MADURAI: Androgynous, epicene, neutrois, retransitioner, transfeminine, transmasculine, cross-dressers…the list is long. For those wondering what these terms mean, the answer is these are genders, according to M Gopi Shankar, a student of American College in Madurai.
"What we know as genders are male, female and transgender. But there are more than 25 other genders biologically identified and accepted through recent medical research worldwide," says Shankar
"But not many, even among medical fraternity are aware of the existence of so many genders," adds Shankar, who is also the founder of Srishti, a student gender queer group.
For instance, only transwomen - male to female - are considered transgender totally ignoring the existence of transmen - female to male, he says.
It was this lack of awareness that prompted the 22-year-old to pen a book in English as well as Tamil on the gender variants.
The book has been completed and is slated for release next month. Even before the book is to be released, it is being translated in French, German and Spanish.
Shankar claims such a book has not been written anywhere in the world yet. In the book, he has coined Tamil names for the different gender identifications.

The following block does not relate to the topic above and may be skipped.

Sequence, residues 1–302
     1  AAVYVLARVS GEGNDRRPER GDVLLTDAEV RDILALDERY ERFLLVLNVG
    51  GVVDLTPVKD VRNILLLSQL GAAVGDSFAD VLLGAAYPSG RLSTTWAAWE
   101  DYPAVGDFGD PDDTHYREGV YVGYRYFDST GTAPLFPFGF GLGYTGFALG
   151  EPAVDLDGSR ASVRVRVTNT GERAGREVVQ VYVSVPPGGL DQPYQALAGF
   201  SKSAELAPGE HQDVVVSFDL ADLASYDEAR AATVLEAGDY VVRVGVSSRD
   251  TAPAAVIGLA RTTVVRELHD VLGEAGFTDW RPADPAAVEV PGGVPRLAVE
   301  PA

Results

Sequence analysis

After English, Tamil is the only language that has been given names for all the genders identified so far, according to Shankar.
"The book is a scientific, sociological, anthropological, psycho analytical, religious, philosophical and political take on gender. There is scattered information on these genders variants, but no authoritative book. I have stratified and labelled each of the genders," the young writer says.
The yet to be named book also interprets references to alternative genders in Hindu mythology, the Holy Quran and the Holy Bible.
"Indian culture is abundant with legends and mythologies where heroes and heroines have chosen various genders. Ironically, today the western nations are progressive in researching and educating about gender and sexuality expressions, while we, despite our rich cultural heritage of respecting and accepting gender variations, are lagging behind and even lacking that sensitivity," says the American College student.
The writer has spent more than one-and-a-half years researching, gathering data, poring though religious texts, visiting temples and meeting people of various genders and experts in the field.
"I travelled across rural Tamil Nadu, Kolkata, Kerala, Karnataka and to the UK," he says.
In addition to gender, the book also talks about various types of sexuality.
"Besides homosexuals, heterosexuals and bisexuals, there are 15 types of sexual orientations like translesbians and transgays," says Shankar.